• Prioritize maintenance during the wintertime, as shadows cast by apartments leave ice covering the sidewalks and streets for months at a time, especially along E Iowa Avenue and S Holly Street. 

Bike Routes and Facilities 

  • Continue building the enhanced bikeway network and the amenities that support it, such as bicycle detection and parking, and phased implementation to ensure connectivity between bicycle routes and facilities in Near Southeast and the existing and planned bicycle network throughout the City/County of Denver. 
  • Improve access to natural trails along Cherry Creek and Goldsmith Gulch in Near Southeast.
  • Improve trail maintenance between general upkeep, trash, and shared mobility devices, especially on the Cherry Creek Trail, the hard surface trail adjacent to S Kearney St that connects to Lollipop Lake, the High Line Canal Trail, and the Goldsmith Gulch Trail. Shared mobility devices, such as scooters and bicycles, are often dumped on the shoulder of the trail and therefore obstruct the pathway for all multimodal trail users. 
  • Cherry Creek Trail Recommendations
    • Prioritize trail maintenance with general upkeep and shared mobility devices and during the winter months to encourage multimodal transportation usage.
    • Hard Surface Trail (Adjacent to South Kearney Street) Recommendations
    • Prioritize trail maintenance with general upkeep and shared mobility devices and during the winter months to encourage multimodal transportation usage.
  • High Line Canal Trail
    • Prioritize trail maintenance with general upkeep and shared mobility devices and during the winter months to encourage multimodal transportation usage.
  • Goldsmith Gulch Trail Recommendations 
    • Prioritize trail maintenance with general upkeep and shared mobility devices and during the winter months to encourage multimodal transportation usage. 

Wayfinding 

  • Improve signage to make multimodal travel around Near Southeast and to key destinations more accessible and easier to navigate. 
  • Accommodate handicapped populations by providing sensory queues and solutions at intersections and crossing points. 
  • Colorado Center and Station Recommendations 
    • Develop a wayfinding system that is consistent for both Colorado Center and Colorado Station   
    • Wayfinding at the stations is needed both for vehicles using the park and ride facilities as well as for pedestrians and cyclists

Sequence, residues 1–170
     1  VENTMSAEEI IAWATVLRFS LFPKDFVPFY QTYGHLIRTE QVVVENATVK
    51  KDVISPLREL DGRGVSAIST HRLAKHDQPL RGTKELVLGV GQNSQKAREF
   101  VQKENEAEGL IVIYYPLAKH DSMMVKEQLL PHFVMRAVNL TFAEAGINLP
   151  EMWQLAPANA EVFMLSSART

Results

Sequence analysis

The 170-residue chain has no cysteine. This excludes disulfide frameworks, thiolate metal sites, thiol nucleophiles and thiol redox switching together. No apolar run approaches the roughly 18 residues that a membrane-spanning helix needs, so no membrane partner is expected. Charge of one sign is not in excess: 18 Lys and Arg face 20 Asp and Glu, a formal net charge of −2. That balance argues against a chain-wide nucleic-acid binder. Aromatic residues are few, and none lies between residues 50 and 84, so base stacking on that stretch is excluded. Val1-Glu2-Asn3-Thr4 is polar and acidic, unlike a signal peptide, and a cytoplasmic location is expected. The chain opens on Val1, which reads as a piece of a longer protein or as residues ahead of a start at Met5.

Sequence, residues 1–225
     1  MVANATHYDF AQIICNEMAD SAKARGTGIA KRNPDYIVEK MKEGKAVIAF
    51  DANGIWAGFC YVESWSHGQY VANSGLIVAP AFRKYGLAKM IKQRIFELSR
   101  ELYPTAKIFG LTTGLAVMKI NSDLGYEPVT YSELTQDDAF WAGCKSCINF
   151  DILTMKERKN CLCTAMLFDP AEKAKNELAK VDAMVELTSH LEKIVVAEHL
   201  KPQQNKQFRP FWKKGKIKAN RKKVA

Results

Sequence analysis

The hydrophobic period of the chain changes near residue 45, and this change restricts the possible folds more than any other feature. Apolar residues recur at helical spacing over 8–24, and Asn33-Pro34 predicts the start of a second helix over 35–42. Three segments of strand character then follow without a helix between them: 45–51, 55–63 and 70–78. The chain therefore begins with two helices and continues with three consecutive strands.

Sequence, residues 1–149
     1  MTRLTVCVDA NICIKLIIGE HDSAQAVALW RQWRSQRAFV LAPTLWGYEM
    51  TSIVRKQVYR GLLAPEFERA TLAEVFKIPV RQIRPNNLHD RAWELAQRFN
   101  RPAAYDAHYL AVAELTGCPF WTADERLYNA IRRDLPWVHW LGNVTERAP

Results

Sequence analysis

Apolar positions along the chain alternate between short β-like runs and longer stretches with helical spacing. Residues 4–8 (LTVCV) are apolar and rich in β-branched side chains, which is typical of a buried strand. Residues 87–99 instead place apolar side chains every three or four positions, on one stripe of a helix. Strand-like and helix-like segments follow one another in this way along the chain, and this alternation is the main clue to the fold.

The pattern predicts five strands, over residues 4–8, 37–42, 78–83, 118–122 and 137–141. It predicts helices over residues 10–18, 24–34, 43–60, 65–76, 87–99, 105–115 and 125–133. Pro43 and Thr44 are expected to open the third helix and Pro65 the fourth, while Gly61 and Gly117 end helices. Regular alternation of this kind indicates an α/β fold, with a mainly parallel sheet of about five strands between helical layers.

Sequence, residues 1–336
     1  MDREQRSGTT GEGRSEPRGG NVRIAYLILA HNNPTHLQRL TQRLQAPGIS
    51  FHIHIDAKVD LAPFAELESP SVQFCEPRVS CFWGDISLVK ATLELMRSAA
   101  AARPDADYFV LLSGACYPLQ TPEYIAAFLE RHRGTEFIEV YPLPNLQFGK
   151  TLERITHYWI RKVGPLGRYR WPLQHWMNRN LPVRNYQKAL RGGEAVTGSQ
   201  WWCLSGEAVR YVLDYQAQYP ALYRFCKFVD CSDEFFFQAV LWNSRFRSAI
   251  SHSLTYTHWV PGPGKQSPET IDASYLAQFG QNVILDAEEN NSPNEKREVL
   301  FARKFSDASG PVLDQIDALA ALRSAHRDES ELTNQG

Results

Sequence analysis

• System signage should be consistent, highly visible, and part of an overall mobility strategy for the community 
    • Signage should identify walk-time and bike time (instead of travel distance) and be directional 
    • Signage should be user-friendly for a range of users; pedestrians, cyclists, transit users, residents, students, and visitors (University and Colorado Multi-station Plan and Mobility Study)   
    • Wayfinding for Colorado Station should be added to Cherry Creek Trail directing cyclists from the trail to the station. This should include signage for the bridge crossing over I-25
    • Wayfinding for vehicles directing them to Colorado Center and the station should be placed at Colorado Boulevard and Colorado Center Drive, Colorado boulevard and Frontage Road, and Evans Avenue and Birch Street
  • Yale Station Recommendations
    • Develop a wayfinding system for Yale station that helps transit users navigate the station and the surrounding area
    • Wayfinding at the stations is needed both for vehicles using the park and ride facilities as well as for pedestrians and cyclists 
    • System signage should be consistent, highly visible, and part of an overall mobility strategy for the community 
    • Signage should identify walk-time and bike time (instead of travel distance) and be directional 
    • Signage should be user-friendly for a range of users; pedestrians, cyclists, transit users, residents, students, and visitors (University and Colorado Multi-station Plan and Mobility Study)   
    • Wayfinding for vehicles to find the station should be added at Yale Avenue and Yale Circle, and Yale Avenue and the I-25 off-ramp
    • Wayfinding signage should be added to the Highline Canal trail directing cyclists to the station 
    • Wayfinding should be added in connection with bicycle infrastructure improvements around the station, that facilitate safe access
  • Formalize a pedestrian and bicycle connection from the Yale Station to East Vassar Avenue (requiring modification to the sound wall). This would be a new LRT station access point (East Yale Avenue Corridor Study 2019)
  • Improve pedestrian-scale lighting at Yale Station throughout the station area (East Yale Avenue Corridor Study 2019) 

Changes to Bike Priority Streets